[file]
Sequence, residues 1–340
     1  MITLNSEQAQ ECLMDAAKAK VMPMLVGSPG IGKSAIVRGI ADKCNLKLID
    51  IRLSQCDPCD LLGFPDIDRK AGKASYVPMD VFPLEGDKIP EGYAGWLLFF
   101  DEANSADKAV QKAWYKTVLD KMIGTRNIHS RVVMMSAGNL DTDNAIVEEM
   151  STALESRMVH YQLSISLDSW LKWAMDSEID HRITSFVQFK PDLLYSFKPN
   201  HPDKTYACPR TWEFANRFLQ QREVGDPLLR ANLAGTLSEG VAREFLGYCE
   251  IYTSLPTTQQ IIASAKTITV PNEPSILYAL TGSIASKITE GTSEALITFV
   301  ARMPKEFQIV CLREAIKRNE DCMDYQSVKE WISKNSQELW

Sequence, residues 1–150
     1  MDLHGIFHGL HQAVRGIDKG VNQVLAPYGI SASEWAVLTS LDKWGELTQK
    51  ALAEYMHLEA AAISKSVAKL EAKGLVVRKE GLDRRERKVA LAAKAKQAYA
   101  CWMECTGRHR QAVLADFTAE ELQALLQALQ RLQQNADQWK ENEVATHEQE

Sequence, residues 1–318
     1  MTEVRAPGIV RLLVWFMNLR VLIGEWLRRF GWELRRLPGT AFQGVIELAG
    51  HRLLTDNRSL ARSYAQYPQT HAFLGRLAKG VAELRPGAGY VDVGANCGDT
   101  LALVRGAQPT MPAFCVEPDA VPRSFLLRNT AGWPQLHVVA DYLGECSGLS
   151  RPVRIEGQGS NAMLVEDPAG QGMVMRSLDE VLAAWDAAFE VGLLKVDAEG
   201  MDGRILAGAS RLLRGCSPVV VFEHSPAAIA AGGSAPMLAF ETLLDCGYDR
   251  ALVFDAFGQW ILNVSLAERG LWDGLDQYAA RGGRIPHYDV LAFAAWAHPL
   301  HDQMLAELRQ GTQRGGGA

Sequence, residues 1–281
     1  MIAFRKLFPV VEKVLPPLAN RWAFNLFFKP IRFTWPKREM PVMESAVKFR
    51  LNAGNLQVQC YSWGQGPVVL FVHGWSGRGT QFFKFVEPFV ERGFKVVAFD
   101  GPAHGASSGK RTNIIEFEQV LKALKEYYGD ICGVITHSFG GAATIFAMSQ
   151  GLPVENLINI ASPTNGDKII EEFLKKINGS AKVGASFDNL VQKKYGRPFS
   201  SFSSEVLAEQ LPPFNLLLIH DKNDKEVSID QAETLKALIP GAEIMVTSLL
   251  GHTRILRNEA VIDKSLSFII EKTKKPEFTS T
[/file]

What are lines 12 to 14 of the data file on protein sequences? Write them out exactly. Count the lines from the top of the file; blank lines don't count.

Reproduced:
   101  CWMECTGRHR QAVLADFTAE ELQALLQALQ RLQQNADQWK ENEVATHEQE

Sequence, residues 1–318
     1  MTEVRAPGIV RLLVWFMNLR VLIGEWLRRF GWELRRLPGT AFQGVIELAG